Glorious moments of this production are multitudinous, but even though we all know how it turns out in the end, it’s a true nail-biter. Along the way, the luminous Teri Bibb plays Abigail Adams, whose only interaction with the cast is via the famous letters between her and Mr. Adams; the plaintive Michael Kean plays a battle-scarred courier in the affecting ballad, “Momma, Look Sharp”; Peter Allen Vogt does a dashingly effete take on Samuel Chase of Maryland; Nick Santa Maria has some delightful double-takes as John Hancock (although his fly-swatter needs much more weight for comic relief); and charming Ellie Wyman entrances as Martha Jefferson, who was drawn to her husband because “He Plays the Violin.” But it is James Barbour as Edward Rutledge, the aforementioned South Carolinian, whose performance of “Molasses to Rum” is so powerful that it could re-crack the Liberty Bell.

The design elements are a bit clumsy, with EB Bohks’ wigs being the biggest offender — the courier looks strangely more like a zombie than a boy with PTSD. Many of Shon LeBlanc’s costumes are strangely ill-fitting, which I want to say was not the custom for colonialistic tailoring. Stephen Gifford’s set design allows players to walk through walls and up steps to a platform, and playing areas are strangely unwieldy. Because the set is non-representational, there aren’t a lot of props, but Kevin Williams’s wall-calendar dates are wooden, and when pulled off by the custodian (a riotous Michael Rothaar) they fall clumsily to the floor.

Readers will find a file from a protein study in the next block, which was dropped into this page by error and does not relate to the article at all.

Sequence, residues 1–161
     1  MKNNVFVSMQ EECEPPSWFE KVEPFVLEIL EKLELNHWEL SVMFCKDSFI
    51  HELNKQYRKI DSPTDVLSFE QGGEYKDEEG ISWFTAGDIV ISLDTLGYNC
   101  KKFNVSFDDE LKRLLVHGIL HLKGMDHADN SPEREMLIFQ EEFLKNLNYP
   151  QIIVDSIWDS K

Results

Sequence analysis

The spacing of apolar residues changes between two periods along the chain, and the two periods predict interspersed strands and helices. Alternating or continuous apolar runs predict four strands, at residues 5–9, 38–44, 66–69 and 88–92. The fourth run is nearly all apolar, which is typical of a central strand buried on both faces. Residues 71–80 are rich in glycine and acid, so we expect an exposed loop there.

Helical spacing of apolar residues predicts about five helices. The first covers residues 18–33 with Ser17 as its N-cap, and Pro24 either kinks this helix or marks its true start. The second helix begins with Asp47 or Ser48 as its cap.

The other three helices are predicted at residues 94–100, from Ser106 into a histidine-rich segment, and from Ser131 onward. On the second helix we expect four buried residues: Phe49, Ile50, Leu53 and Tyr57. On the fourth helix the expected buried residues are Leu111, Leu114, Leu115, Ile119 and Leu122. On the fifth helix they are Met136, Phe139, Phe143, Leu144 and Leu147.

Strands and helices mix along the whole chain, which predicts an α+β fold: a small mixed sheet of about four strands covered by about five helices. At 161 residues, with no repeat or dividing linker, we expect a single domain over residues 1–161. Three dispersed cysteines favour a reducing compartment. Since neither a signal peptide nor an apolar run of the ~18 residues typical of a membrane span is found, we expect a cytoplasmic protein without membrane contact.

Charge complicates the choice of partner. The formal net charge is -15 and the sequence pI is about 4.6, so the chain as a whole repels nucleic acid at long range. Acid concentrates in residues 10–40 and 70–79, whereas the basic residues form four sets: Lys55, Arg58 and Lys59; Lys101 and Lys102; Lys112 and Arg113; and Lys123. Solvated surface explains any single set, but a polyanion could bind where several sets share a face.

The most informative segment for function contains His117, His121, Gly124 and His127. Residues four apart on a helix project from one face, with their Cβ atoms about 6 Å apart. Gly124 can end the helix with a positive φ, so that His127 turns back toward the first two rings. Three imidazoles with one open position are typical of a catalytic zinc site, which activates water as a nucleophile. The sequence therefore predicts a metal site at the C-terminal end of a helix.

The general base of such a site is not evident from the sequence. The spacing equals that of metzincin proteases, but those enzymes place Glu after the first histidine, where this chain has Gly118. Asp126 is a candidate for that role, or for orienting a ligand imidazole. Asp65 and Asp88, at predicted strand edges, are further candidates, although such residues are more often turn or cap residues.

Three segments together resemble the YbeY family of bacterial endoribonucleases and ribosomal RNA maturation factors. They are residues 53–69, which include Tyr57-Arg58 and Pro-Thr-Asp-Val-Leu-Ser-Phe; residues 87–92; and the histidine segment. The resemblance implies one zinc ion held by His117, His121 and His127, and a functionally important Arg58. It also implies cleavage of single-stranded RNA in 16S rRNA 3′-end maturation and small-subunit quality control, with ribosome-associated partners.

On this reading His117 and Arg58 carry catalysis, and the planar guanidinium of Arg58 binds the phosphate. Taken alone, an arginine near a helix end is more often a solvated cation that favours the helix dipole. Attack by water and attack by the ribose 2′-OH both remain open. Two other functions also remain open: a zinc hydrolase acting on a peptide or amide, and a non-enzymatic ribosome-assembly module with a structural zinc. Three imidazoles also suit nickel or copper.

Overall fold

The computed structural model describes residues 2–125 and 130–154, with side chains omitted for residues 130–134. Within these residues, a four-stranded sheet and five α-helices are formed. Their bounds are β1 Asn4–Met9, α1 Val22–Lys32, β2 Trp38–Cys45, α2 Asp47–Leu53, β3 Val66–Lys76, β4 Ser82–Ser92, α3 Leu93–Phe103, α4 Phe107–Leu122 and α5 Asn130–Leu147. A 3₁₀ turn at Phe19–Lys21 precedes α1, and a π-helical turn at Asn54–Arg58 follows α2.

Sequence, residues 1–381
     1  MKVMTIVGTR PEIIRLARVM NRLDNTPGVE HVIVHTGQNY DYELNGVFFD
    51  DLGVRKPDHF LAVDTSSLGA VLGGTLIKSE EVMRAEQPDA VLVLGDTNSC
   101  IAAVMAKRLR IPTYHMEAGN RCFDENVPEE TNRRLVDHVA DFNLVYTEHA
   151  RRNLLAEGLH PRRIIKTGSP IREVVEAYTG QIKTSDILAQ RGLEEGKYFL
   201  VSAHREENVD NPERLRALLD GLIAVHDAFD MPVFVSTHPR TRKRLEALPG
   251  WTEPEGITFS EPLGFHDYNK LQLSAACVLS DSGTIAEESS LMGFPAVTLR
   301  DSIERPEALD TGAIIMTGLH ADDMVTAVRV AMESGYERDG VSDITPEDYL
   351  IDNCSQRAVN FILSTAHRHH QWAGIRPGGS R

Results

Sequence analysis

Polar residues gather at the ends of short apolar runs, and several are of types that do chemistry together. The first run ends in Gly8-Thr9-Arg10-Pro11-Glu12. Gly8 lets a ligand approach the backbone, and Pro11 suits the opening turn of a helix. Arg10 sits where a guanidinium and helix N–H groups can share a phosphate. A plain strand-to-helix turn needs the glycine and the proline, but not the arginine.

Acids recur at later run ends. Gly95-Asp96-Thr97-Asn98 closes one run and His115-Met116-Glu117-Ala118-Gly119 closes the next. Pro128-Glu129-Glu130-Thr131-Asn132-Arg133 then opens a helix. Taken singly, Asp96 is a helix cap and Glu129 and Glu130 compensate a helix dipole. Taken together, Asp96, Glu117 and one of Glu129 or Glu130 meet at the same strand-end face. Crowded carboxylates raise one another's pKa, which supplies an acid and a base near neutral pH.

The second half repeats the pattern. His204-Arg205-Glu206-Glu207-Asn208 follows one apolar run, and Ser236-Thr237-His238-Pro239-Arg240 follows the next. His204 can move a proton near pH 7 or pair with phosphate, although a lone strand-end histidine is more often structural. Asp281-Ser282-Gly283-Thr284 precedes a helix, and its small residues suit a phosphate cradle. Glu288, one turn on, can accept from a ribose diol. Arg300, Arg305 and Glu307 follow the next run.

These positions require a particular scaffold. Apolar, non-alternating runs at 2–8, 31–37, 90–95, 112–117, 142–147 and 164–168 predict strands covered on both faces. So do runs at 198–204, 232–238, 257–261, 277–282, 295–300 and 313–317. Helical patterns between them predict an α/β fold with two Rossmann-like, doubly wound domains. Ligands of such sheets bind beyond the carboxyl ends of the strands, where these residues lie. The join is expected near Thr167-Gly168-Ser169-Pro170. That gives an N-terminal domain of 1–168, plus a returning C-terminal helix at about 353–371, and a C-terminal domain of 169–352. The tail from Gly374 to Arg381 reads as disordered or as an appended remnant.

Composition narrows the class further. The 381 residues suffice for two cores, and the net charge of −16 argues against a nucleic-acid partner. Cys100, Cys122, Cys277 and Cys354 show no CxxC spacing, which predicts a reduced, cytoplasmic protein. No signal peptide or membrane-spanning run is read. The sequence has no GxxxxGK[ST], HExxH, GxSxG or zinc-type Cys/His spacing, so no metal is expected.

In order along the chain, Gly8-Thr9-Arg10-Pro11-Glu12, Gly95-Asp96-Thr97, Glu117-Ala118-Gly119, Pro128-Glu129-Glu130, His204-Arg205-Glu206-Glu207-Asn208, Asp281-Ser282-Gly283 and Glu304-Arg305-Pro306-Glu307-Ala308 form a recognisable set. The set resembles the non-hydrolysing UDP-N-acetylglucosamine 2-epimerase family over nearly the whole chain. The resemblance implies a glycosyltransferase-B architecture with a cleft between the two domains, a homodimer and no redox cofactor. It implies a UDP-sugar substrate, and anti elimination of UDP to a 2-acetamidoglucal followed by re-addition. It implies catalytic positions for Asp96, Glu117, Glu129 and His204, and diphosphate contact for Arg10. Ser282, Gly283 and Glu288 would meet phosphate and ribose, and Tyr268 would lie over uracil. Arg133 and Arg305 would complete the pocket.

Even so, 1776 remains highly recommended, especially to those parched individuals who need to be slaked from America’s current dearth of inspiration. If you are feeling downtrodden about our current political climate (and who isn’t?), bolt for the La Mirada Theatre and see why Vietnam-era audiences lapped up 1776: you will find that remarkably little has changed in politics (we were in the midst of another government shutdown when 1776 played A.C.T. in S.F. in 2013). The difference back then was that the colonials put their lives on the dotted line, got something done, and changed history in the process.

photos by Jason Niedle

1776
La Mirada Theatre for the Performing Arts
14900 La Mirada Blvd. in La Mirada
Wed & Thurs at 7:30; Fri at 8; Sat at 2 & 8; Sun at 2
ends on February 3, 2019
for tickets, call 562.944.9801 or visit La Mirada Theatre

then plays The Soraya at Cal State, Northridge, February 8-10, 2019
for tickets, call 818.677.3000 or visit The Soraya